Joe McGreal from Bangkok, Thailand, writes: Paul, Really respect your work and enjoy the articles but still have a tough question to ask: Why do sportswriters not get down and dirty with Manning on his big game failures? To throw a pick 6 in the Super Bowl at least warranted some additional scrutiny on his big game prowess. If you look at the tapes of the Super Bowl against the Bears, you can easily see he had serious problems in the 4th quarter and if the Colts defense did not come up big, Colts could have easily lost that game. Bottom line: I truly believe sportswriters in general are way too lenient on Manning. Piling up stats in regular season against mainly substandard defenses is not a measure for greatness. Playoff and Super Bowl runs separate the men from the boys and the good from the great and the great from the all timers.
Paul Kuharsky: So Dan Marino’s not an all-timer in your book?
If it’s so easy to pile up stats in the regular season, why haven’t more people done it? Manning is superb in the regular season in a way few of his peers can imagine. Against mostly substandard defenses? That’s a huge stretch. The league’s schedule is built by formula; you think he’s coincidentally missing the best defenses consistently? How does he manage that? And how would you propose he beat defenses he doesn’t play?
(Incidentally, he beat the Jets and their No. 1 defense in the AFC title game. He beat Baltimore, the No. 3 defense, and Denver, No. 7, in the regular season.)
He hasn’t played his best in January. Neither has his team. Neither did Marino or his team.
I disagree that the media is soft on Manning -- some bend too far the other way to label him a choker. It’s OK to appreciate great players as great.
He threw a very costly bad pass near the end of the Super Bowl -- that sure could have been more Reggie Wayne’s fault than his. Thirty other quarterbacks would have loved to have been in the spot to throw that pass, no?
You’re even going to rip him for not being great in the end against the Bears in a Super Bowl they won? (They could have easily lost it? Are we looking at what could have easily happened, or what actually happened? I always go B.)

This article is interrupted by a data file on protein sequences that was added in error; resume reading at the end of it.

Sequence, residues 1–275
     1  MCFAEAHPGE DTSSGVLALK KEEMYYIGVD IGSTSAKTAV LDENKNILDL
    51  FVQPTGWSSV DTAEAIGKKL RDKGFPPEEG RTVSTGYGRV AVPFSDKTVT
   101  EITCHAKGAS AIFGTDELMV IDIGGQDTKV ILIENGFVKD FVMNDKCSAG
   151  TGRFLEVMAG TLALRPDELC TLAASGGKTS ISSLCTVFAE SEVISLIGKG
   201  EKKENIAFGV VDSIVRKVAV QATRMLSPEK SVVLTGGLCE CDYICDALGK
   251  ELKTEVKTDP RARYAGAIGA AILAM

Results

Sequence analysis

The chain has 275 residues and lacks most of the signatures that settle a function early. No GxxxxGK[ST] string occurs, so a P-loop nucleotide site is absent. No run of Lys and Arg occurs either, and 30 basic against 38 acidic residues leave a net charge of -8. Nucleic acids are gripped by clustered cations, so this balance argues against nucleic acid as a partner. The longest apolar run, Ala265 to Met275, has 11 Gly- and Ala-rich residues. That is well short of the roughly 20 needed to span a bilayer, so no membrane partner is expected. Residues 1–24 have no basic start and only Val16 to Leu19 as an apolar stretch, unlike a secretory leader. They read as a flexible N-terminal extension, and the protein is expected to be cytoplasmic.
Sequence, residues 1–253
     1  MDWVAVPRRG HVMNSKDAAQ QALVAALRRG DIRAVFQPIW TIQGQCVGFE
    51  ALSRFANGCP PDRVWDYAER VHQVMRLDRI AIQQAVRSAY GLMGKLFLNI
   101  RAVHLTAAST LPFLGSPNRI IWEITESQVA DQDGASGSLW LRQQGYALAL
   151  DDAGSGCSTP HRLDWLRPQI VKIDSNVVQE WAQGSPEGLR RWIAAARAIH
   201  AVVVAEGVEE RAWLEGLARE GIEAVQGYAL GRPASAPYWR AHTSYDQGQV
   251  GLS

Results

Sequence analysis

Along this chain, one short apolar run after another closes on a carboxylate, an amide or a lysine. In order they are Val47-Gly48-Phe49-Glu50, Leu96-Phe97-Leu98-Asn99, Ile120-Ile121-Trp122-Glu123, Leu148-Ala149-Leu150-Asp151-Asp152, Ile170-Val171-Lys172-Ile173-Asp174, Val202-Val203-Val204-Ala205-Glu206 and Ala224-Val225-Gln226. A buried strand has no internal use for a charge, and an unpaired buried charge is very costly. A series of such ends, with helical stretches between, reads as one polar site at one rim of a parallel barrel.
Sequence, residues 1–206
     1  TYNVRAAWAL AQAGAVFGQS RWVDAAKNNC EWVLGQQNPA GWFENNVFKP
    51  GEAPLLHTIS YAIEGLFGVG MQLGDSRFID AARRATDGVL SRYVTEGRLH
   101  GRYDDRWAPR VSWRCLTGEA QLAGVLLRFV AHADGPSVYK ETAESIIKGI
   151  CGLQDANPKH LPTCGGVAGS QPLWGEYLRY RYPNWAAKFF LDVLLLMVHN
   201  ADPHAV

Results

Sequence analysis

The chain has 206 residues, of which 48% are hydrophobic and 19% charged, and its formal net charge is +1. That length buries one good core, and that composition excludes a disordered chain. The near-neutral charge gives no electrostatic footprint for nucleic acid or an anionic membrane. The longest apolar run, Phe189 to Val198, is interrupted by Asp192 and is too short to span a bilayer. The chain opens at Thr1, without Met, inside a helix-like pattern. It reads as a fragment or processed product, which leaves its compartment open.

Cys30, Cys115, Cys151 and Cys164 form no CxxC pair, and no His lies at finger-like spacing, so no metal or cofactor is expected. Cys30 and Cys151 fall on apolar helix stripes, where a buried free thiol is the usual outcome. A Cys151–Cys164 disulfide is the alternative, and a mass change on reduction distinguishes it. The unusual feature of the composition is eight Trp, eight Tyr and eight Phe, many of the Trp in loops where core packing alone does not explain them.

So if they lose it’s his fault and when they won it was despite him? How can he win in that scenario?
And who is great by your standards beside Terry Bradshaw and Troy Aikman, then? John Elway lost the Super Bowl more often than he won it. Brett Favre and Kurt Warner have the same Super Bowl record as Manning. What losers.
Holman from Richardson, Texas, writes: You mentioned Kareem Jackson and Glover Quin as starting corners you watched today with Brice McCain, Fred Bennett, and rookie Sherrick McManis in the mix at nickel. Is Jacque Reeves not out there, or not in the mix? If you look at the numbers from last year, he was actually better than advertised. I just haven't heard his name much during OTAs. Is he still on the roster?
Paul Kuharsky: I said that’s who Gary Kubiak said is in the mix for the third role. McManis wasn’t practicing, he’s injured. Reeves was there. Kubiak either left him out by mistake or doesn’t rank him as competing for a spot in the package at this point.
Dana Wastjer from Bothell, Wash., writes: What exactly do you mean by less than glamorous? Less than glamorous in comparison to that eyesore they call Husky stadium here in Seattle, or less than glamorous than the Michigan program that had to impose self-inflicted sanctions against themselves? Ever been to game in Missoula, Paul?
Paul Kuharsky: Less that glamorous = people don’t know of it or watch it by comparison to “big-time” college football. It’s not a place that regularly produces NFLers.
That’s all I meant and it’s indisputably true. Personally, I’d rather see a game there than at Michigan, probably.